One of the mysteries of the English language finally explained.
A risk to human health or the environment arising from biological work, especially with microorganisms.
- ‘Some applications of automatic face recognition systems are relatively unobjectionable; for example to regulate access to weapons, money, criminal evidence, nuclear materials, or biohazards.’
- ‘‘We do not yet have the technology that will detect biohazards quickly,’ says Medhat O'Kelly, senior supervising engineer for Parsons Brinckerhoff.’
- ‘I should have grabbed the video camera to record D. and M.L. discarding potential biohazards in the long-neglected pantry.’
- ‘For example, roof air intakes may be more difficult to reach than street-level intakes, but they are not intruder-proof either and must be guarded or secured against biohazards.’
- ‘A biohazard warning reminding personnel that blood and body fluids are potentially infectious was placed near the soap dispenser at each scrub sink.’
- ‘This denaturation results in a sample that is no longer a biohazard.’
- ‘Both factual and fictional texts contribute to our knowledge of risks surrounding cellphone use as a biohazard that is a threat to individual bodies and to the social body.’
- ‘One, whose manifest is labeled ‘oil field equipment,’ is leaking - a potential biohazard.’
- ‘Curtains that can prevent flying glass shards from injuring people, and new sensors for detecting biohazards activity are among the newest developments.’
- ‘Though the threat of some biohazards receded for workers in health-care and other human services, the threat of others, such as hepatitis B virus, grew.’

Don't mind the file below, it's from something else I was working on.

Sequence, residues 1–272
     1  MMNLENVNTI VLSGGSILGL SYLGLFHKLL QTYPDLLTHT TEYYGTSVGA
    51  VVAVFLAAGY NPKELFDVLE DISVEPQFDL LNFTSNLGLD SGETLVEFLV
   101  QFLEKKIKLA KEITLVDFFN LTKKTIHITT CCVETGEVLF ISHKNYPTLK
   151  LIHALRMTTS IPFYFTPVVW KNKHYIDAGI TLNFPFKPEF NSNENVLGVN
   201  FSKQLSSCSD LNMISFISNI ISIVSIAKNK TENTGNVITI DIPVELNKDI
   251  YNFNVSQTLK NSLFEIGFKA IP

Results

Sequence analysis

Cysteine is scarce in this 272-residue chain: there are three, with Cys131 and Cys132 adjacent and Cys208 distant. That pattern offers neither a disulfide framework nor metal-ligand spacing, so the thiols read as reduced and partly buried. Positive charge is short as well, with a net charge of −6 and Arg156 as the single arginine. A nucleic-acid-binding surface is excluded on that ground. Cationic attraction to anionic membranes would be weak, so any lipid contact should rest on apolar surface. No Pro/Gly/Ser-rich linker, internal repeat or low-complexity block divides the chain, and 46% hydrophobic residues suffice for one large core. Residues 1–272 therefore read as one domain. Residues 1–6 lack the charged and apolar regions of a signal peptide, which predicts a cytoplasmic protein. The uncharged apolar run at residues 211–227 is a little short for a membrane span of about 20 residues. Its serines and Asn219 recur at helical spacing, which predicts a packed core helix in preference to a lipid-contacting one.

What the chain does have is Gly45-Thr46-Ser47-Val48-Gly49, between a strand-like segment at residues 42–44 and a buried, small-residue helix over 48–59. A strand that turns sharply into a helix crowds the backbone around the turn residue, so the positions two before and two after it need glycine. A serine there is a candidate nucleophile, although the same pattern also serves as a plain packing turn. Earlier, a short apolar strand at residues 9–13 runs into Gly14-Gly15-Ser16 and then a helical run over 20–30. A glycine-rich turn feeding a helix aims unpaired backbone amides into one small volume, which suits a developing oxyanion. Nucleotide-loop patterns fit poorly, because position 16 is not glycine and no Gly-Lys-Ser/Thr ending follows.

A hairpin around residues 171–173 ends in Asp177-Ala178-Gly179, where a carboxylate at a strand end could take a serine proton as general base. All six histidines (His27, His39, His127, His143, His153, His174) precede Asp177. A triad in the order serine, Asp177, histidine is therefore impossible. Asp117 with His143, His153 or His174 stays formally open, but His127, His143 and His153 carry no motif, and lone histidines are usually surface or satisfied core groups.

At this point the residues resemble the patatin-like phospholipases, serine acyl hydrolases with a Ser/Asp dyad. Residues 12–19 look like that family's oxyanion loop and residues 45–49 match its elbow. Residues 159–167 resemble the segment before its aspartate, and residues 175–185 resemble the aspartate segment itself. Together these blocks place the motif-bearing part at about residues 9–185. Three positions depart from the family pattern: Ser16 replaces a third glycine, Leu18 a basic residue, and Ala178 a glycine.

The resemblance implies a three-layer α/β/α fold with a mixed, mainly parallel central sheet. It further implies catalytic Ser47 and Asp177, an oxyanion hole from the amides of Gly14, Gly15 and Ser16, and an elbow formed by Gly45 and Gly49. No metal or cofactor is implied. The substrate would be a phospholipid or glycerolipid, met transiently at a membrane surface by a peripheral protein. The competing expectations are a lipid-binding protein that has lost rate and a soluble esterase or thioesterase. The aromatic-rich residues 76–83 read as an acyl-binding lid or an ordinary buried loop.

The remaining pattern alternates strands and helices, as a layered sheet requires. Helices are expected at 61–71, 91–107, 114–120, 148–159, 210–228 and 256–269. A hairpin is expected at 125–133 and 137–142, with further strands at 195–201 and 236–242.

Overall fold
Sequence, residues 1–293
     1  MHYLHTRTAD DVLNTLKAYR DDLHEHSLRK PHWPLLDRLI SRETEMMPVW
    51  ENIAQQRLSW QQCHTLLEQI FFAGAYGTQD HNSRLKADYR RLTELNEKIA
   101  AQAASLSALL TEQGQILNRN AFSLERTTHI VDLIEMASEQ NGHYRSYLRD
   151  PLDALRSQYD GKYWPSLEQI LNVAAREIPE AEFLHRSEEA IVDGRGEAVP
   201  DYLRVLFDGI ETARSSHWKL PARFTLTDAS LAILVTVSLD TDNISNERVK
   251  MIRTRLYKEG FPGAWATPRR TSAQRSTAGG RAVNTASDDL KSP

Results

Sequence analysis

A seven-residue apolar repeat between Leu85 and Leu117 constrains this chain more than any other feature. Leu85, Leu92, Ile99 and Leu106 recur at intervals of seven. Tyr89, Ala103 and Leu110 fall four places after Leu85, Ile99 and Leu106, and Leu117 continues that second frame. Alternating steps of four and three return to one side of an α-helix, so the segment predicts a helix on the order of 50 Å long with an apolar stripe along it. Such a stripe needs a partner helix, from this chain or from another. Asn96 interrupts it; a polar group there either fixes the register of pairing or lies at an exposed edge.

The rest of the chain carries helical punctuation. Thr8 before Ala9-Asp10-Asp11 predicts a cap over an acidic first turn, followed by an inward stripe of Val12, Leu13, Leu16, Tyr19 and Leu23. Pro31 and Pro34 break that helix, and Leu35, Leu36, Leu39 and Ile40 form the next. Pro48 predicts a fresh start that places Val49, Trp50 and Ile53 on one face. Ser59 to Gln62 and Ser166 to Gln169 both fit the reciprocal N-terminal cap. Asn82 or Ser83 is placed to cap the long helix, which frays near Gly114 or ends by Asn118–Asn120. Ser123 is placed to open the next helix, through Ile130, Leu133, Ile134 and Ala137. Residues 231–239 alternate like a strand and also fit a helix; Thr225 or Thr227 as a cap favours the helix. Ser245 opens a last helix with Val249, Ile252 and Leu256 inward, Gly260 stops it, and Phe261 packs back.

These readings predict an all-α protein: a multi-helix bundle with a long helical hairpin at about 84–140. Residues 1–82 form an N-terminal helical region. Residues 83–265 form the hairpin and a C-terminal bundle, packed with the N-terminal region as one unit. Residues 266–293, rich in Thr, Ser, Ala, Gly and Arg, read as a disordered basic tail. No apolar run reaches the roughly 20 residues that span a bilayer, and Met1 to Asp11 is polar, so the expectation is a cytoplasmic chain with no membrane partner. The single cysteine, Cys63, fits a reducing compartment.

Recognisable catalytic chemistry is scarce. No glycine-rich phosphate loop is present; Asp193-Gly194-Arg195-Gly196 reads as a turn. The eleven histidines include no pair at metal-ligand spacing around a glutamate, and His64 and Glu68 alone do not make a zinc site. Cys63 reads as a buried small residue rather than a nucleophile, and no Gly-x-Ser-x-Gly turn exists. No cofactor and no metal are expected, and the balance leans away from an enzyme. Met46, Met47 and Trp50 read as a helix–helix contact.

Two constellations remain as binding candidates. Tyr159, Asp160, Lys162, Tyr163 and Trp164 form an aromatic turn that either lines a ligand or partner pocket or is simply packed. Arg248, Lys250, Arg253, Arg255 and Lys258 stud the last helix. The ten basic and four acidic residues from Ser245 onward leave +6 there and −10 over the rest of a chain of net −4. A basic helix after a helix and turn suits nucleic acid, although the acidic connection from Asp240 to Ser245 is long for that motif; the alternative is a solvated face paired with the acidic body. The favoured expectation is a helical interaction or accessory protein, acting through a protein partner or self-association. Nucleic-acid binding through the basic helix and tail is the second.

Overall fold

- ‘The farmers that come to depend upon them for gene enhanced seeds or pesticides use computers, handle biohazards and touch the land as little as possible (it's too toxic).’
- ‘Second, the act bars access to or possession of biohazards by what are termed ‘restricted persons.’’
- ‘It's possible that, by linking the chip with analysis equipment, a user could identify medical ailments, monitor a patient's health, or even detect viruses or other biohazards before they spread.’
- ‘The device, about the size of a home smoke detector, may be used to detect biohazards, such as anthrax.’
- ‘The claim that ground beef is a biohazard is bolstered with frightening tales of E. coli.’
- ‘When this book came out, most reviewers noted the inside tips for New York eaters - never order fish on a Monday, never order seafood anything at brunch, and never touch hollandaise sauce - a ‘veritable petri dish of biohazards.’’
- ‘There are two major concerns for potential risks of biohazards from GMOs.’
- ‘But he says, ‘We've done some pretty significant work ‘with clients in handling biohazards and preparing for biohazards incidents.’’
- ‘That was at least until his wife came home, but maybe he hoped, because of the biohazard drill she would be late coming home tonight.’
- ‘After vaccination, the skin should be wiped with dry sterile gauze, which is then put into a biohazard waste container.’
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